Martian soil is the fine regolith found on the surface of Mars. Its properties can differ significantly from those of terrestrial soil, including its toxicity due to the presence of perchlorates. The term Martian soil typically refers to the finer fraction of regolith. On Earth, the term "soil" usually includes organic content. In contrast, planetary scientists adopt a functional definition of soil to distinguish it from rocks. Rocks generally refer to 10 cm scale and larger materials (e.g., fragments, breccia, and exposed outcrops) with high thermal inertia, with areal fractions consistent with the Viking Infrared Thermal Mapper (IRTM) data, and immobile under current aeolian conditions. Consequently, rocks classify as grains exceeding the size of cobbles on the Wentworth scale.

This approach enables agreement across Martian remote sensing methods that span the electromagnetic spectrum from gamma to radio waves. ‘‘Soil’’ refers to all other, typically unconsolidated, material including those sufficiently fine-grained to be mobilized by wind. Soil consequently encompasses a variety of regolith components identified at landing sites. Typical examples include: bedform armor, clasts, concretions, drift, dust, rocky fragments, and sand. The functional definition reinforces a recently proposed genetic definition of soil on terrestrial bodies (including asteroids and satellites) as an unconsolidated and chemically weathered surficial layer of fine-grained mineral or organic material exceeding centimeter scale thickness, with or without coarse elements and cemented portions.Martian dust generally connotes even finer materials than Martian soil, the fraction which is less than 30 micrometres in diameter. Disagreement over the significance of soil's definition arises due to the lack of an integrated concept of soil in the literature. The pragmatic definition "medium for plant growth" has been commonly adopted in the planetary science community but a more complex definition describes soil as "(bio)geochemically/physically altered material at the surface of a planetary body that encompasses surficial extraterrestrial telluric deposits." This definition emphasizes that soil is a body that retains information about its environmental history and that does not need the presence of life to form.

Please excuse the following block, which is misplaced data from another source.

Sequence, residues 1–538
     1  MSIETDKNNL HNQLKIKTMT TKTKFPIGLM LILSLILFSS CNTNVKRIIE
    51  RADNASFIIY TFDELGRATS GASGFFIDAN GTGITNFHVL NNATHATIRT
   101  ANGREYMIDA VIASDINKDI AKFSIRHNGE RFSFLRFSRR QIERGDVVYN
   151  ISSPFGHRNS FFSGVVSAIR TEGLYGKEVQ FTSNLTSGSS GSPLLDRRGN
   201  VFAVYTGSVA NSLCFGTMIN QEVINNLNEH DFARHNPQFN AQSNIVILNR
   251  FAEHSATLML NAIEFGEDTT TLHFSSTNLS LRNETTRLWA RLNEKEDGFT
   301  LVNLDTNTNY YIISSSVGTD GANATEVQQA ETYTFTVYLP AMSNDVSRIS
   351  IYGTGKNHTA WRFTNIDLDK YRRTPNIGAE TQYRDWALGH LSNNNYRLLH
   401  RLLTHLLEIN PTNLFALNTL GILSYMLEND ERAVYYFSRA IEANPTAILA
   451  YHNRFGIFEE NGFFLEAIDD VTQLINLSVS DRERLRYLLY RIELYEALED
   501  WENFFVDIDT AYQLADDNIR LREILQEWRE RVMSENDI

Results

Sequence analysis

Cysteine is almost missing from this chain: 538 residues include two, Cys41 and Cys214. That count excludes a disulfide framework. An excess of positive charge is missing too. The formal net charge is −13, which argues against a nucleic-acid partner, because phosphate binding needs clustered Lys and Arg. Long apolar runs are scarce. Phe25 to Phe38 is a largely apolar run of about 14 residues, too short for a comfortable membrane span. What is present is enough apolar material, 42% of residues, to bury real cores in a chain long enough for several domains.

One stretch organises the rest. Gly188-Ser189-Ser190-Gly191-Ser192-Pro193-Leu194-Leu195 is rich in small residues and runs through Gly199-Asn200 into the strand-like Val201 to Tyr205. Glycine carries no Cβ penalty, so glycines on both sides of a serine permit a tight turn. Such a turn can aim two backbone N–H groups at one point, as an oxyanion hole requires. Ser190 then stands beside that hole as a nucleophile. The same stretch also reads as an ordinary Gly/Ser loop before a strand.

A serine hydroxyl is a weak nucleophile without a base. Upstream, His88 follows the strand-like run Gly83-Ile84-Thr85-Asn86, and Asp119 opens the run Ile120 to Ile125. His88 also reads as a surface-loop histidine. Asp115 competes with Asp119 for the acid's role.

Nicotine